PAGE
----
Sony VAIO YB Series Review
Sony’s 11-inch notebook provides 1080p video playback and superior style, but battery life and audio could be better.
Lowest Price: $543.65
Thanks to AMD’s new Fusion platform, which combines a low-voltage processor with powerful Radeon graphics, a new generation of budget-oriented 11-inch ultraportables has invaded the market. The Sony VAIO YB ($599) isn’t the cheapest of this bunch, but it packs strong performance, solid battery life, and sleek software into its sexy metallic chassis. Is this laptop good enough to be your constant companion?
For a budget-minded ultraportable, the VAIO YB doesn’t skimp on style, incorporating the best design elements in Sony’s arsenal. Its metallic fuchsia lid (also available in silver) really stands out in a crowd, while its chrome-colored deck and trim ooze elegance. The sexy rounded metal hinges light up orange (for sleep) or green (for powered on) and give the VAIO YB a futuristic look and feel. A metallic textured palm rest completes the space-age aesthetic.
At 11.4 x 8 x 1.25 inches and 3.2 pounds, the Sony VAIO YB isn’t MacBook Air-light (2.9 pounds). However, this notebook is lighter than other 11-inch Fusion ultraportables, such as the HP Pavilion dm1z (11.4 x 8.4 x 1.2 inches, 3.4 pounds) and the Lenovo ThinkPad X120e (11.1 x 8.2 x 1.2-inches, 3.4 pounds).
Keyboard and Touchpad
The VAIO YB’s island-style keyboard is attractive and offers a reasonable amount of tactile feedback. However, the keyboard is noticeably smaller than those on 11-inch competitors such as the ThinkPad X120e and the 11-inch MacBook Air. Considering that 11-inch notebooks have smaller-than-normal keyboards in the first place, this means the VAIO YB has some undersized keys, including a tiny right Shift key. The keys are also completely flat, making it more difficult to detect their boundaries by feel alone.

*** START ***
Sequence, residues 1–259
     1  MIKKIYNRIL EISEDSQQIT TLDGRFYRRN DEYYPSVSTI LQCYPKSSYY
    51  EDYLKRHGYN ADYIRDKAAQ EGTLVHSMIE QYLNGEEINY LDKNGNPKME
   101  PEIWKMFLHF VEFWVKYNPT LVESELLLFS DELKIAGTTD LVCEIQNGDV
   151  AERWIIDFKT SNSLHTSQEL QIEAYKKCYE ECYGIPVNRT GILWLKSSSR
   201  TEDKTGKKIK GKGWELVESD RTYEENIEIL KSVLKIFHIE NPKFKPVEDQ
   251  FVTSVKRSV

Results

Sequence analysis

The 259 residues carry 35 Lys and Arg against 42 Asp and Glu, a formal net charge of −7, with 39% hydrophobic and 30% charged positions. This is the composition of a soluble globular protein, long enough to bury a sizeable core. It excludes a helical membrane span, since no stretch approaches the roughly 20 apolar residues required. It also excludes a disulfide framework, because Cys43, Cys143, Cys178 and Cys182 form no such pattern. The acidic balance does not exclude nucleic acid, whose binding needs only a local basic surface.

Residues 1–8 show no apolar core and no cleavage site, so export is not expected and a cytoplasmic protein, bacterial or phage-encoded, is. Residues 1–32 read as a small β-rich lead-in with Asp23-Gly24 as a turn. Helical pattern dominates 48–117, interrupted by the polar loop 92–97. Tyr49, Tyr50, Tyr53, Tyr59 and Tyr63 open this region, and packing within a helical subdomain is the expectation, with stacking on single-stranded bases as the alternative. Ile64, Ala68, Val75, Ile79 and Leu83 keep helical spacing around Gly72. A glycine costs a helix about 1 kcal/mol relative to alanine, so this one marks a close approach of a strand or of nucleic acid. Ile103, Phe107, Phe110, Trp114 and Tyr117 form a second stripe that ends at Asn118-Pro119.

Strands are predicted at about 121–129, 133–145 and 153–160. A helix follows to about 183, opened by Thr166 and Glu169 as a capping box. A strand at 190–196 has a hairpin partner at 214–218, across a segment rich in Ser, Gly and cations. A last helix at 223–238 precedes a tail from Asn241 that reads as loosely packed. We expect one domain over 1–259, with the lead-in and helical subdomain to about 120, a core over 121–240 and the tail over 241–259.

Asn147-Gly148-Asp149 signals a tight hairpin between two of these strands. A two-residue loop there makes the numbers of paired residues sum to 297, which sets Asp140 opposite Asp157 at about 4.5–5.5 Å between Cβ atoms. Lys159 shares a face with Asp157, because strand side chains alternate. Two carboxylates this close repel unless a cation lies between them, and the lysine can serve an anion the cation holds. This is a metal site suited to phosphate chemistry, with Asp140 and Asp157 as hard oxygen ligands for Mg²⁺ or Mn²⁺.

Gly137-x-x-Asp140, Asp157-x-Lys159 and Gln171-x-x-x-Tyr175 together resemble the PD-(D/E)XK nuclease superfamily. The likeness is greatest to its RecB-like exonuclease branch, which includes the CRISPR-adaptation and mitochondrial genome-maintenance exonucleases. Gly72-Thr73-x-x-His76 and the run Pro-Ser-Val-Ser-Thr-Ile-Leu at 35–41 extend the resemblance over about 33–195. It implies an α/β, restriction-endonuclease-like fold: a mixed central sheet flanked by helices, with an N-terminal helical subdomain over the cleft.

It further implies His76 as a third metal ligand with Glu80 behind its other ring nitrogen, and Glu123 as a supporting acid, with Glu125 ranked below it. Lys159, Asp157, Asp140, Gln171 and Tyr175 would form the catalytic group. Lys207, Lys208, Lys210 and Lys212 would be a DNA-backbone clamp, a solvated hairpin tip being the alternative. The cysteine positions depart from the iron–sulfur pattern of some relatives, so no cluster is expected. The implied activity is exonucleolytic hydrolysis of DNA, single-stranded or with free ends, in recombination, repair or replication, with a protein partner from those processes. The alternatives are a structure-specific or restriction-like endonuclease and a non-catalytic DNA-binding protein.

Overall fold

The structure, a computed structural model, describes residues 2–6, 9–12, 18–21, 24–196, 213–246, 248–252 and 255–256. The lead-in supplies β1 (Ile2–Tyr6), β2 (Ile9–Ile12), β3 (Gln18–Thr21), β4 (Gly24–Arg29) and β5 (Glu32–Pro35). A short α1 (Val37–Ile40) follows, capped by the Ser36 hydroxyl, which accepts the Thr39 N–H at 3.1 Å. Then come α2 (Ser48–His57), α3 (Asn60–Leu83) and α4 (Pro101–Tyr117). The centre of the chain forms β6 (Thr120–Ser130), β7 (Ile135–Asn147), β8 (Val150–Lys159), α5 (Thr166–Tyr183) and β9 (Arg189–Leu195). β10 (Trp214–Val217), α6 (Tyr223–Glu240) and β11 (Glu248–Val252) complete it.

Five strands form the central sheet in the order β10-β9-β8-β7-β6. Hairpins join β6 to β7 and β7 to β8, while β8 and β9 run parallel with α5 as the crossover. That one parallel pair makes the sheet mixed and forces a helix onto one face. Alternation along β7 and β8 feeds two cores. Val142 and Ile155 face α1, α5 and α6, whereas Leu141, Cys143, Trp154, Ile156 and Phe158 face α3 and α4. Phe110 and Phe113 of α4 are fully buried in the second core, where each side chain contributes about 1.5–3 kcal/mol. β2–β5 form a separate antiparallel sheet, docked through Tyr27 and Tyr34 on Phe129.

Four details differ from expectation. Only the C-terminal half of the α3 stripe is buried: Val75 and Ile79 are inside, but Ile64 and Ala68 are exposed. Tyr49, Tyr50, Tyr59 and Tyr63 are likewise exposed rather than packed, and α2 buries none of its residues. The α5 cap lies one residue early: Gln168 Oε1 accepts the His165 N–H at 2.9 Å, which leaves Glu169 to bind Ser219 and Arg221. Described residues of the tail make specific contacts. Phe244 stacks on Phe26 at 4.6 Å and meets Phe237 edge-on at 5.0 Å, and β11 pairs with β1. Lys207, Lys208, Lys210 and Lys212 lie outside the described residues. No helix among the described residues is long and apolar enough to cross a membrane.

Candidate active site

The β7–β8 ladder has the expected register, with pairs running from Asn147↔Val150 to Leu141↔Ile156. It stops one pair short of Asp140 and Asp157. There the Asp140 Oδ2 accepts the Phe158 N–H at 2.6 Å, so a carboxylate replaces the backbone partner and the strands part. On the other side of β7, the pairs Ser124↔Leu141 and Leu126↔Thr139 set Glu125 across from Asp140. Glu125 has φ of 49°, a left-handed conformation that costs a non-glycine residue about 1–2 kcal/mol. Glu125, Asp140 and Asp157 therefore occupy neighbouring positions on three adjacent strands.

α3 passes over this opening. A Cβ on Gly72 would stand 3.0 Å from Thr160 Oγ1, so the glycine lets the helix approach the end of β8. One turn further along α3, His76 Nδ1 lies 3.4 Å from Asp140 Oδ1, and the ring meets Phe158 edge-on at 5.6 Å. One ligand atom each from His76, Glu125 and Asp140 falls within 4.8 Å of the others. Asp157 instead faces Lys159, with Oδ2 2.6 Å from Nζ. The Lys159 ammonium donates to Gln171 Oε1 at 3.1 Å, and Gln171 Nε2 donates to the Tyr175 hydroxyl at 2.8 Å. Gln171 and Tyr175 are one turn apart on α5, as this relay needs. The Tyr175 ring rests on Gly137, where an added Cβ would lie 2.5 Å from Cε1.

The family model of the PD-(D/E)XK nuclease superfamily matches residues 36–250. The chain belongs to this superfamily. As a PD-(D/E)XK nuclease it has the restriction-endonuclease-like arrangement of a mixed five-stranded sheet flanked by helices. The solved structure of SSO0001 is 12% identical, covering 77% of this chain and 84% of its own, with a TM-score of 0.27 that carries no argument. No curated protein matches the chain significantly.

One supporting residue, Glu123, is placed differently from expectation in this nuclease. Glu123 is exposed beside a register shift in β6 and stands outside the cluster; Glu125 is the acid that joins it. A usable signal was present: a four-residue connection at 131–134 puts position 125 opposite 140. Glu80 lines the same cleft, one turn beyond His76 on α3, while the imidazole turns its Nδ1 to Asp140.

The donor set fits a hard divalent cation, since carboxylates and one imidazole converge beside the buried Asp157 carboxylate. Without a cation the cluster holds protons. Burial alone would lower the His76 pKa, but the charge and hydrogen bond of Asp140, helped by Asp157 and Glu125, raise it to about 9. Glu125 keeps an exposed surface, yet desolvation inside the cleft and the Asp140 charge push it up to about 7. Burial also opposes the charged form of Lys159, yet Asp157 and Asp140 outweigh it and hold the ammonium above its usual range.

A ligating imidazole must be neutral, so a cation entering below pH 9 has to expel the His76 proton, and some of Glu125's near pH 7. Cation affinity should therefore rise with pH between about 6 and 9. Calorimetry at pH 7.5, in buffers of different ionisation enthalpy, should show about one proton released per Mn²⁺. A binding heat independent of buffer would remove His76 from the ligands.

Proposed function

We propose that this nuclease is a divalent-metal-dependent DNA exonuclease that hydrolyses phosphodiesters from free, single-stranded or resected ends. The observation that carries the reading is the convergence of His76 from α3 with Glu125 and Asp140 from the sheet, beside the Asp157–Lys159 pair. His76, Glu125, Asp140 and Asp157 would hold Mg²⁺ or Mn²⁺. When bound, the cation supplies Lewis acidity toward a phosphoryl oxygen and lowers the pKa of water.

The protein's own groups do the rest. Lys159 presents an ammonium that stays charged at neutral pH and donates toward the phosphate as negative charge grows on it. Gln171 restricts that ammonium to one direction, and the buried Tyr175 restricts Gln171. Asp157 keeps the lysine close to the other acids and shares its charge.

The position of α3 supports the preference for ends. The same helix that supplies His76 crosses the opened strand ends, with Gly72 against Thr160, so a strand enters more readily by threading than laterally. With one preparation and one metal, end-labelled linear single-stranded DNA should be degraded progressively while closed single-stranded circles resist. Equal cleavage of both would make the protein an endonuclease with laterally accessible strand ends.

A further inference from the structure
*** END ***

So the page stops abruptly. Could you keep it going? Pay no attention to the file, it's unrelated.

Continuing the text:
On the Ten Thumbs Typing Test, we found ourselves typing as quickly as usual, but making a lot more errors, particularly involving the Shift and punctuation keys. Rather than our usual 80 words per minute and 1- to 2-percent error rate, we managed 82 words per minute with a 5-percent error rate.
On the bright side, the VAIO YB’s palm rest has a pleasant texture, stays cool, and slopes downward. So, even though our hands hung over the edge of the chassis a bit, the notebook was a lot more comfortable for resting our wrists than other 11-inchers with short palm rests, such as the ThinkPad X120e.
The 2.5 x 1.4-inch touchpad is a little on the small side, but its smooth matter surface provides accurate navigation around the desktop; it also supported multitouch gestures such as pinch-to-zoom. The two discrete buttons offer just the right amount of feedback.
Unlike the Lenovo ThinkPad X120e, which had a few warm spots in the high 90s and over 100 degrees, the VAIO YB stayed so cool that we could barely tell it was on. After streaming a video at full screen for 15 minutes, we measured the touchpad at only 86 degrees Fahrenheit, the keyboard at a chilly 89 degrees, and the bottom at a maximum of 92 degrees.